Source: Global Ag Media/The Pig Site, 18 October 2021, photo credit: smallbusiness.co.uk
The latest opinion piece from the British Meat Processors Association (BMPA) notes postponing import checks from the EU leaves UK meat exporters at a significant disadvantage.
The inter-war Times headline often quoted as “Fog in Channel: Continent cut off” has special significance when it comes to EU/GB supply chains.
The recent decision by Government to further postpone import controls on goods moving from the EU and products of animal origin in particular highlights the risk to GB supply chains that interrupting these would cause. To summarize, the original plan to introduce import checks on movements from the EU were first postponed from April 1 (with a phasing in to 1 July 2021) were first postponed to 1 October 2021 and 1 January 2022.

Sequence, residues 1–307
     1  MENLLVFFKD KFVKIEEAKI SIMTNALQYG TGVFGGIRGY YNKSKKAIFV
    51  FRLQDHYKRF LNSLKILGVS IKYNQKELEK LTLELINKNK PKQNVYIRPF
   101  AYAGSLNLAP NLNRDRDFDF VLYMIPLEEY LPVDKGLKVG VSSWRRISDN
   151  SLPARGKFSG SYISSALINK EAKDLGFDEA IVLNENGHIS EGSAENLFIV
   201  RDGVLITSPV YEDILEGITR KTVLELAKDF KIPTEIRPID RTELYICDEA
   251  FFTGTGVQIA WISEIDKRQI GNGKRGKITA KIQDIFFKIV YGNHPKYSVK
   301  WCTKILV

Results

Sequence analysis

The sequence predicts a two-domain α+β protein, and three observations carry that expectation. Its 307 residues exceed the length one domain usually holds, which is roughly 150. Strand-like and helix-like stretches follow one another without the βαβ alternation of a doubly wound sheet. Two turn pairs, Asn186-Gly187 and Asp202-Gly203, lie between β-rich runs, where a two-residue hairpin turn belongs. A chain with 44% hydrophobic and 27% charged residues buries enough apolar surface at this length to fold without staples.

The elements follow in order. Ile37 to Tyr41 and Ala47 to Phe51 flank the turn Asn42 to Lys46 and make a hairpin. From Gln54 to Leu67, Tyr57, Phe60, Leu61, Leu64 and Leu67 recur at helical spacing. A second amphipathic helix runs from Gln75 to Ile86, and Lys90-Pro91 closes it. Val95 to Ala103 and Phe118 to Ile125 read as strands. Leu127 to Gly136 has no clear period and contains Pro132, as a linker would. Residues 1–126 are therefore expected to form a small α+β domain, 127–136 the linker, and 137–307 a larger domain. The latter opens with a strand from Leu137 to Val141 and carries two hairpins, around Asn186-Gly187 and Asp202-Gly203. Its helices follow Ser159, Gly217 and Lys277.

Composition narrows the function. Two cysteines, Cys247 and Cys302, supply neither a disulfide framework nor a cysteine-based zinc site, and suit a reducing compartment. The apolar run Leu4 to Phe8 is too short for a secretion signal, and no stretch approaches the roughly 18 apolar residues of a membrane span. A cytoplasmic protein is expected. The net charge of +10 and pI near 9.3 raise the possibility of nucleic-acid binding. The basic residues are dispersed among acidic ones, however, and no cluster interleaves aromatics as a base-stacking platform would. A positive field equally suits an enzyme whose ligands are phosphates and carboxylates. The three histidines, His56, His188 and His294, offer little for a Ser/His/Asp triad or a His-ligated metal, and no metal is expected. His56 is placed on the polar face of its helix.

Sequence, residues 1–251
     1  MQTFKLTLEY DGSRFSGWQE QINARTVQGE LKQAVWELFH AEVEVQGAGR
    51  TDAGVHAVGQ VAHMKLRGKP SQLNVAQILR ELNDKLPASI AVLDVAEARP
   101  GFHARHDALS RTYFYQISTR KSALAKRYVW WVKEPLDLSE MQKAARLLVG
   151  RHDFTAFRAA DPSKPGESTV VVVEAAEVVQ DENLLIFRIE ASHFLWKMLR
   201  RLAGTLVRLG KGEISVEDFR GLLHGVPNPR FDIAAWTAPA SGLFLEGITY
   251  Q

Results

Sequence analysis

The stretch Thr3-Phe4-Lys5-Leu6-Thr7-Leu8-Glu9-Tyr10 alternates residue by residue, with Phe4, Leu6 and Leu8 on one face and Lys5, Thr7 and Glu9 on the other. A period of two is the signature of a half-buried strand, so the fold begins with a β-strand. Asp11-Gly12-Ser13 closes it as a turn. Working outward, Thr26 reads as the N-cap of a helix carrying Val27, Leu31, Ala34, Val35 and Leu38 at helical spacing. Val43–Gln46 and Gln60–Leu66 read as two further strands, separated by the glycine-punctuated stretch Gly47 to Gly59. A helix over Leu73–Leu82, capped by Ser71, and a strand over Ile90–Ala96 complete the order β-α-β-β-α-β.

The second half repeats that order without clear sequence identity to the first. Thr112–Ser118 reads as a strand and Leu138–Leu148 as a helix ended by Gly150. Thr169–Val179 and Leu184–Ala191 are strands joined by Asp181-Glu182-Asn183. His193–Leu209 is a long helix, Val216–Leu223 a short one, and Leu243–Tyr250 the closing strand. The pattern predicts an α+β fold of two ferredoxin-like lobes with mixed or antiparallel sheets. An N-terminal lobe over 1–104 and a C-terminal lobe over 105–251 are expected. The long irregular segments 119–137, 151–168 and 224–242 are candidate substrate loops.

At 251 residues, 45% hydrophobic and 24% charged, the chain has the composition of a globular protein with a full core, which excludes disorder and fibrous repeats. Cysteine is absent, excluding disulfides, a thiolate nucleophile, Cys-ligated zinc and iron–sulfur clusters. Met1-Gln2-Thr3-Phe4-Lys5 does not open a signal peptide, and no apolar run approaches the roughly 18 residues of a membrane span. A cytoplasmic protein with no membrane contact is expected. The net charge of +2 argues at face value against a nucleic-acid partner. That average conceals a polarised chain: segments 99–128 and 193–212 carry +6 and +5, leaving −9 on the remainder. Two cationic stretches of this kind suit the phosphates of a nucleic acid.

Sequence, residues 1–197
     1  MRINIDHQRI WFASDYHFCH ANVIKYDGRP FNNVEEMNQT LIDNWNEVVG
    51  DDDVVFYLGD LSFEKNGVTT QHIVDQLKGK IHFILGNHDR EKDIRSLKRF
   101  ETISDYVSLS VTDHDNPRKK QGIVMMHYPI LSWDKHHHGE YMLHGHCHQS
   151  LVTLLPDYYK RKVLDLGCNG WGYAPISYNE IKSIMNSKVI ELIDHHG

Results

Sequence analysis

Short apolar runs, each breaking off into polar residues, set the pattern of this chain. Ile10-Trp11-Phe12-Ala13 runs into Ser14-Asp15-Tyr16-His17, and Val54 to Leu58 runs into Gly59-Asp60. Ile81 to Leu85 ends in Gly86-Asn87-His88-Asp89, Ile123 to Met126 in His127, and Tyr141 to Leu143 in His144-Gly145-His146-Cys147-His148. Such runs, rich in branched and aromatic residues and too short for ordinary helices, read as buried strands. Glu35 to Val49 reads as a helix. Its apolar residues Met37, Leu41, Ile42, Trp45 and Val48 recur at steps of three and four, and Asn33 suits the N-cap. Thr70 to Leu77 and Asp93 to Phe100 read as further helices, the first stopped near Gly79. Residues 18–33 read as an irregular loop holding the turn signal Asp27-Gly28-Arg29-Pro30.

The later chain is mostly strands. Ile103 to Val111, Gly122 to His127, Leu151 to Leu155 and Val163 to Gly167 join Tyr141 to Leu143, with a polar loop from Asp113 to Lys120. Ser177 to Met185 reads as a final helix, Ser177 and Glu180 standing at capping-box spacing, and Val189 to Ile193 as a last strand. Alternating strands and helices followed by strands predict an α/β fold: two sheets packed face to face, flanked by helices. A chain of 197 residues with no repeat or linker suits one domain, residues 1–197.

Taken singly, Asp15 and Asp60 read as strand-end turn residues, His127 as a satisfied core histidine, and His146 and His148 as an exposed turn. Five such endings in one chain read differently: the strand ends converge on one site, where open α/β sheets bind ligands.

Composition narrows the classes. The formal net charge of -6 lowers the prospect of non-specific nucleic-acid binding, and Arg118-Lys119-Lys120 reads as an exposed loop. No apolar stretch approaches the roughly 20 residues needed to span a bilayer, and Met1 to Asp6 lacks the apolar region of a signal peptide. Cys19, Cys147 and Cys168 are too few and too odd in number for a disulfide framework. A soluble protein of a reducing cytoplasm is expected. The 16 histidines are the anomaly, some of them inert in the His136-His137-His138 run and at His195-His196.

In effect, the October deadline was intended to be a “dress rehearsal” with prenotification and export health certificates “required” but only for qualitative checks intended to be used to advise EU exporters and GB importers where errors or inconsistencies arose. The “real” deadline, from which full documentary checks and full compliance was to be 1 January 2022. But this has now been even further postponed with only prenotification required from 1 January 2022 and again, this is not a “stop-go” requirement. Full certification and checks have been put back to 1 July 2022.
The reasoning given for this is that the “revised timetable will give businesses more time to adjust to new processes” as well as recognizing that official infrastructure in some exporting Member States, such as the availability of vets, would be under pressure if certification were added to the burden.
The South African Pork Producers’ Organisation (SAPPO) coordinates industry interventions and collaboratively manages risks in the value chain to enable the sustainability and profitability of pork producers in South Africa.